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Manufacturing Jobs Were Destroyed Mostly by Better Opportunities in the Service Sector

Here’s a letter to Politico:


Paul McLeary and Lee Hudson report on “younger workers choosing good-paying service industry jobs” over jobs in shipyards and other manufacturing plants (“Navy shipyards compete with fast food, and are losing,” April 9). This fact points to a much-neglected reality – namely, most American manufacturing jobs, far from having been torn away from workers aching to hold them, instead were ‘destroyed’ by workers themselves seizing better employment opportunities in the service sector.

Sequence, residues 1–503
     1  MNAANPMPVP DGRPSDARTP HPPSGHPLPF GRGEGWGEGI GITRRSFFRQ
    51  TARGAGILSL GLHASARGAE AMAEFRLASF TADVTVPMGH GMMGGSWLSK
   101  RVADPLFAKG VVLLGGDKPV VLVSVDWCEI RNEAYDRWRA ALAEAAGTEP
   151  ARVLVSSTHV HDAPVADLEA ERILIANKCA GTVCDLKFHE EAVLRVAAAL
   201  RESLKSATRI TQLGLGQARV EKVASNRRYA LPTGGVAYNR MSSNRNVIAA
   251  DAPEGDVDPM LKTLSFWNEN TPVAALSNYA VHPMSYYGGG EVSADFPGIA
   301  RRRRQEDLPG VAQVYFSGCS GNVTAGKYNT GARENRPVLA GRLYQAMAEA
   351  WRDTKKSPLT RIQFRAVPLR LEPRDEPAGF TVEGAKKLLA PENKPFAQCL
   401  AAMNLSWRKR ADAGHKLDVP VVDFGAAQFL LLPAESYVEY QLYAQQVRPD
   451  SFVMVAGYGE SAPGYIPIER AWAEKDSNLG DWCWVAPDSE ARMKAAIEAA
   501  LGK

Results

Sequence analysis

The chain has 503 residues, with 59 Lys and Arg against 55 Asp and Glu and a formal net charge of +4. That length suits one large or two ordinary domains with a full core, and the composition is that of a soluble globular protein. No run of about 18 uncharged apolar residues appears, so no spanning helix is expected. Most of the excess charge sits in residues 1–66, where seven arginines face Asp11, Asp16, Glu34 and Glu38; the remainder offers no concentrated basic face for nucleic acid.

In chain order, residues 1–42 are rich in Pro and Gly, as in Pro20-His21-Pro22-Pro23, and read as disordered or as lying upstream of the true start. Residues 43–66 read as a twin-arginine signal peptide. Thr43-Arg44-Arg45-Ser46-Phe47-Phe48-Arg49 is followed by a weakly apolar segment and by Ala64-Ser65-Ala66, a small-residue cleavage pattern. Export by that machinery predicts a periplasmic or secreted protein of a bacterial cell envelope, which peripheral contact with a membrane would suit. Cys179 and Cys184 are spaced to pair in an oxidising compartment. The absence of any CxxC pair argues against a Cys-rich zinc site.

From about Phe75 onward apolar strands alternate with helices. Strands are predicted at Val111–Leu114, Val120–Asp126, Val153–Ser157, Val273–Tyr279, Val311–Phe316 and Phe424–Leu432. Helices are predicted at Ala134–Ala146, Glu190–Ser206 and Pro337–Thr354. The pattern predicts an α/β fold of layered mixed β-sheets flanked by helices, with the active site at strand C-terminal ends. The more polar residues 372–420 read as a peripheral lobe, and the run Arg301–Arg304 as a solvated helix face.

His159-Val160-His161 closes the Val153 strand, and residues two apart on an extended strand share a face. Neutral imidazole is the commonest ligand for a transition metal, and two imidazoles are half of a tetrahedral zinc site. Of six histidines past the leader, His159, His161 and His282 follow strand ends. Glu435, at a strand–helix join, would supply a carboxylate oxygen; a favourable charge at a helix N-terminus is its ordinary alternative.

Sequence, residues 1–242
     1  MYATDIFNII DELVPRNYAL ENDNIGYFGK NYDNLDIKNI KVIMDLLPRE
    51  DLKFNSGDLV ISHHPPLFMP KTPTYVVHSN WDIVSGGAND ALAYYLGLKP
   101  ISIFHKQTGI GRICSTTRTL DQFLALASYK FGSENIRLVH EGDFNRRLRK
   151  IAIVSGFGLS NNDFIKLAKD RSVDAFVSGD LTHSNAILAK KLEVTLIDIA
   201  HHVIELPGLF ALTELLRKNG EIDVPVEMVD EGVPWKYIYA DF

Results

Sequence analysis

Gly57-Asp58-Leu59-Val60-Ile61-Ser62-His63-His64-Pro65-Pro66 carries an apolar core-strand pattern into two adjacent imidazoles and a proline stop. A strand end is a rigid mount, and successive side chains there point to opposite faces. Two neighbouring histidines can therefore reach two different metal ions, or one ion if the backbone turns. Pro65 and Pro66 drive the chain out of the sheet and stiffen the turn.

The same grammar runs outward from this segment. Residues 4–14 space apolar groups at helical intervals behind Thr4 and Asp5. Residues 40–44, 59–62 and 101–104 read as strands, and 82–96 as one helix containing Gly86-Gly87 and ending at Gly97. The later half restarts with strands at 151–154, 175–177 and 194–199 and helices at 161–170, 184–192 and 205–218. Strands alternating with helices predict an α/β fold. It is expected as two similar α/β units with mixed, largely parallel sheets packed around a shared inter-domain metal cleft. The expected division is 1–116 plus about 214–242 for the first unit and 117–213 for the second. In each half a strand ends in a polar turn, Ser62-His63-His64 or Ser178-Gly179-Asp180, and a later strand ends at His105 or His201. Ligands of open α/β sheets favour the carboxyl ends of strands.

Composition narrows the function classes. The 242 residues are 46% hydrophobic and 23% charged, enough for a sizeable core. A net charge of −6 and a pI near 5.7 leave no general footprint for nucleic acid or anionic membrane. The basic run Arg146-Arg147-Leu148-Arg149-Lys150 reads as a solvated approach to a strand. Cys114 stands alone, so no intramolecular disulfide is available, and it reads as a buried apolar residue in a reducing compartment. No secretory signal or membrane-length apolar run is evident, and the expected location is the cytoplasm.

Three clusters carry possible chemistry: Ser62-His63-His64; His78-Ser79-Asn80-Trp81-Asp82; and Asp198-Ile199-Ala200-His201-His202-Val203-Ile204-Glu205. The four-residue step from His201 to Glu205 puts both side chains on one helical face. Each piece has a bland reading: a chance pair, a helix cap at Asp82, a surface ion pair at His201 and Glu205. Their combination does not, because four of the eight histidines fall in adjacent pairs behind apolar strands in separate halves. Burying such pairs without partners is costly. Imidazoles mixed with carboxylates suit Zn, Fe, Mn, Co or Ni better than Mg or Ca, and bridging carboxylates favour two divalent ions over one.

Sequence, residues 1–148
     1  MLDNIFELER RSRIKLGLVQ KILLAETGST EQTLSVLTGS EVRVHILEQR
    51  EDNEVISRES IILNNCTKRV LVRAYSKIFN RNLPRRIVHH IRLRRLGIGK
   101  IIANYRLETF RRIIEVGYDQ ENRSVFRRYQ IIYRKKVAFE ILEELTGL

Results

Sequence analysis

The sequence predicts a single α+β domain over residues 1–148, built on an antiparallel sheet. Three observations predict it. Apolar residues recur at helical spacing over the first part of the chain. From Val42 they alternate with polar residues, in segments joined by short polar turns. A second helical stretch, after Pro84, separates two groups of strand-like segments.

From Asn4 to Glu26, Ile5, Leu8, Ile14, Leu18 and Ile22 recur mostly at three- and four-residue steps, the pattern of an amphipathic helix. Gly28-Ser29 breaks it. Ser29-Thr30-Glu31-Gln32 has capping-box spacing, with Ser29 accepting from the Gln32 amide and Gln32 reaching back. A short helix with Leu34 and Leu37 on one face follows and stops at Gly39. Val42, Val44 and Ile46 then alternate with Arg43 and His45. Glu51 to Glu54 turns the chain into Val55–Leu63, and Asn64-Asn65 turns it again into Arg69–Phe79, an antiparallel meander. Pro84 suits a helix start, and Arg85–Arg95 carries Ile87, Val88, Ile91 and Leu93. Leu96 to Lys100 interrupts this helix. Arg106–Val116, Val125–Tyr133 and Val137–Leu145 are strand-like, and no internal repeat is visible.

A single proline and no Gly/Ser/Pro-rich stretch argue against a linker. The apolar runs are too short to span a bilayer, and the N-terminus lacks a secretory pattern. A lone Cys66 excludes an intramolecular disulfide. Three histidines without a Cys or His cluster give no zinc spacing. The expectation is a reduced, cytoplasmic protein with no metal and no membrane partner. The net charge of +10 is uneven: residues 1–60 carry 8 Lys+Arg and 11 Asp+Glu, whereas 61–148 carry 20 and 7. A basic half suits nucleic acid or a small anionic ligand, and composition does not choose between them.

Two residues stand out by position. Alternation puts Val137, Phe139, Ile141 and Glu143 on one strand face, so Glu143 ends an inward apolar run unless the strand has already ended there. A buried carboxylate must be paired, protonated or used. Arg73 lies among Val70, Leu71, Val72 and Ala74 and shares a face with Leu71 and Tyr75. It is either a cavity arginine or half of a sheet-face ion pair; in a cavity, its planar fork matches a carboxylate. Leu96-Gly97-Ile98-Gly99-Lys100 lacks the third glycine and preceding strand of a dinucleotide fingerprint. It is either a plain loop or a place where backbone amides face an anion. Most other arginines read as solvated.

My grandfather and father spent their careers laboring in a shipyard, as did the fathers of many of my childhood friends. The work was monotonous, difficult, dirty, dangerous, and – contrary to a now-prevalent myth – by today’s standards poorly paid. Given the attractive opportunities increasingly available in the service sector to people of my generation, my father would have thought me deranged had I followed his career path. Not being deranged, I – like nearly every one of my friends – gratefully chose a career in the service sector.

The current nostalgia for long-lost American manufacturing jobs is had overwhelmingly by pundits and politicians few of whom, I’ll bet, ever saw up-close the labors of mid-20th-century manufacturing workers – and none of whom, I’m certain, would want their sons or daughters to hold such jobs.

Donald J. Boudreaux
Professor of Economics
Martha and Nelson Getchell Chair for the Study of Free Market Capitalism at the Mercatus Center
George Mason University
Fairfax, VA 22030